956 F2d 1172 Ayuso-Morales v. Merit Systems Protection Board

956 F.2d 1172

David AYUSO-MORALES, Petitioner,

No. 91-3058.

United States Court of Appeals, Federal Circuit.

Feb. 10, 1992.

NOTICE: Federal Circuit Local Rule 47.8(b) states that opinions and orders which are designated as not citable as precedent shall not be employed or cited as precedent. This does not preclude assertion of issues of claim preclusion, issue preclusion, judicial estoppel, law of the case or the like based on a decision of the Court rendered in a nonprecedential opinion or order.

Before MICHEL, Circuit Judge, FRIEDMAN, Senior Circuit Judge, and RADER, Circuit Judge.


RADER, Circuit Judge.

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David Ayuso-Morales (Morales) appeals from the September 24, 1990 final decision of the Merit Systems Protection Board (MSPB or Board), Docket No. SE07529010153, dismissing his appeal of a removal action for lack of jurisdiction. We affirm.



Mr. Morales worked as a mail handler with the United States Postal Service. In June 1989, the Postal Service removed Mr. Morales for threatening a supervisor and for insubordination. During an appeal to the Board, Mr. Morales and the Postal Service entered into a "Last Chance Settlement Agreement." Under the Agreement, the Postal Service suspended, rather than removed, Mr. Morales. Mr. Morales then waived "all further appeal rights ... concerning this disciplinary action, and any future disciplinary actions for Failure to Follow Instructions of Insubordination." Mr. Morales returned to work in July 1989.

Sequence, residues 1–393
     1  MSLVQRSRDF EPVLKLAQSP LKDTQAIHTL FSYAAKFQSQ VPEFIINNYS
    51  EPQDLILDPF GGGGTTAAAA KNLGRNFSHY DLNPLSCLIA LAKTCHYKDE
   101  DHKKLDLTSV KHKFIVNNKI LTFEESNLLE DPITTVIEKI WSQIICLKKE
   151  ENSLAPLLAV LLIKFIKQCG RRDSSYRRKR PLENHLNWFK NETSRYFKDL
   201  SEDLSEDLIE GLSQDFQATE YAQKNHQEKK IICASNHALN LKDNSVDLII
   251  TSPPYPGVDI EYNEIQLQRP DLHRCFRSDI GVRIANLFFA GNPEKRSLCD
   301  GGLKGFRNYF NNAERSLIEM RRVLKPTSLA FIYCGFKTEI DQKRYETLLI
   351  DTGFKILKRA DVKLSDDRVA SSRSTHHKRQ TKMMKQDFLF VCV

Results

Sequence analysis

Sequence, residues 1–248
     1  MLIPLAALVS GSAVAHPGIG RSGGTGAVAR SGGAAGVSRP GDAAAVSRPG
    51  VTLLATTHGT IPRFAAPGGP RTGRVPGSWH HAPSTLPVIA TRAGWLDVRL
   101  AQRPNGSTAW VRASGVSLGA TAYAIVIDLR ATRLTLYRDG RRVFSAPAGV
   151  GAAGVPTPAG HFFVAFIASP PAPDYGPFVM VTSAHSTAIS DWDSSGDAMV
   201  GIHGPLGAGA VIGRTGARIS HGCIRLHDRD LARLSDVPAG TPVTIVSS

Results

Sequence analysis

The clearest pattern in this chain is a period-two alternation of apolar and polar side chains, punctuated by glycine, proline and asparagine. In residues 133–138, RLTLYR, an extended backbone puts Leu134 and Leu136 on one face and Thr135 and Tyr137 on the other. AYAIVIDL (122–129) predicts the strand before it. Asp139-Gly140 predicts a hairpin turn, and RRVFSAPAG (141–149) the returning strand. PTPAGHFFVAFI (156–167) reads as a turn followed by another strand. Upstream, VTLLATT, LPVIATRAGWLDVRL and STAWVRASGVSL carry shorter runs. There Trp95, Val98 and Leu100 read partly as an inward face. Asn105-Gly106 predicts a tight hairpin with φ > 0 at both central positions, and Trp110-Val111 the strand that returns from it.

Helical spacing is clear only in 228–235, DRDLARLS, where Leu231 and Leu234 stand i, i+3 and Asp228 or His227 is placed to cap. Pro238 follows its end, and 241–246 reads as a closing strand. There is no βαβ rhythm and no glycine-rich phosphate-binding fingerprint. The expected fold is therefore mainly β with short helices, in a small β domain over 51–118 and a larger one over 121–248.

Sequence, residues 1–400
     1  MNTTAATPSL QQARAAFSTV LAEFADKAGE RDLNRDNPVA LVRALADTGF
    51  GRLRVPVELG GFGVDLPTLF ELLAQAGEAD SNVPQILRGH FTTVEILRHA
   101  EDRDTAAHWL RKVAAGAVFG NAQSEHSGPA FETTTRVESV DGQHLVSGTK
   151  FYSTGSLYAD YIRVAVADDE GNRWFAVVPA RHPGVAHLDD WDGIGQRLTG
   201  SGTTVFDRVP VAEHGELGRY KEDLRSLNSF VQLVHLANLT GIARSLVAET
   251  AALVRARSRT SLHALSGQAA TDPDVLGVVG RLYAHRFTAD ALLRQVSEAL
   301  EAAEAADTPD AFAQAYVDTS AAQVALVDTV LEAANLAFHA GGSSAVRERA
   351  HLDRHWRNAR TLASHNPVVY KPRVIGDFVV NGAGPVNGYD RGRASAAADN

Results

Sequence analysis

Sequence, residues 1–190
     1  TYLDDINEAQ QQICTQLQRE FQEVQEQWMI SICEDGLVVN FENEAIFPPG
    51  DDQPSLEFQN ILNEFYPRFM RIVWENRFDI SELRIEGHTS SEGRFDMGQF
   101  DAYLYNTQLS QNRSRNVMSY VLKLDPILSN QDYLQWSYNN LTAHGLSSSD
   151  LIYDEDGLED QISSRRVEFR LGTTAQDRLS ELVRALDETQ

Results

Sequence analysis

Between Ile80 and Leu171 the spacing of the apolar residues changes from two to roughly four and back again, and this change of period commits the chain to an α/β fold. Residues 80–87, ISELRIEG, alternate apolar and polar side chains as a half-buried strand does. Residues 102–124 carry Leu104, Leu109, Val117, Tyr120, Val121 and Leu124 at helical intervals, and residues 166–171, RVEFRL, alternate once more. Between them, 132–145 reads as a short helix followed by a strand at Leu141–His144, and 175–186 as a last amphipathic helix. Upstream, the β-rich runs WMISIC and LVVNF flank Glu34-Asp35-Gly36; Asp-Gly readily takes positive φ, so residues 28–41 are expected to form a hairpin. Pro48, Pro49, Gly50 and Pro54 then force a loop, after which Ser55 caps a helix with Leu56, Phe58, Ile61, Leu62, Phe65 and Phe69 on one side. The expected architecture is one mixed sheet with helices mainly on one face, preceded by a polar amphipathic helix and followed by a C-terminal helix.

On November 27, 1989, Mr. Morales engaged in a dispute with his supervisor over the pace of Mr. Morales' work. Mr. Morales made several confrontational statements to his supervisor when requested to work more quickly in loading mail. The tour superintendent observed similar behavior from Mr. Morales later that same day.


On November 29, 1989, the Postal Service gave Mr. Morales a "Notice of Removal" for failure to comply with the Agreement due to insubordination. Mr. Morales appealed to the Board complaining that the Postal Service acted in bad faith by removing him under the Agreement. The Board dismissed the appeal for lack of jurisdiction because Mr. Morales, by the Agreement, waived his right to appeal the removal.



This court must affirm the MSPB's decision unless it is "(1) arbitrary, capricious, an abuse of discretion, or otherwise not in accordance with law; (2) obtained without procedures required by law, rule, or regulation having been followed; or (3) unsupported by substantial evidence." 5 U.S.C. § 7703(c) (1988). Furthermore, for good reason, this court defers to a fact-finder's credibility determinations. Hambsch v. Department of the Treasury, 796 F.2d 430, 436 (Fed.Cir.1986). In light of the agreement between Mr. Morales and the Postal Service, Mr. Morales may appeal if he can show that the Postal Service acted in bad faith or arbitrarily and capriciously. McCall v. United States Postal Service, 839 F.2d 664 (Fed.Cir.1988).


The Board found Mr. Morales' supervisor and the tour superintendent more credible than Mr. Morales about the events of November 27, 1989. Therefore, the Board concluded that Mr. Morales was insubordinate. The Board found no support for Mr. Morales' claims that the Postal Service was harassing him. Mr. Morales did not carry his burden of showing that the agency acted in bad faith. Therefore, this court affirms.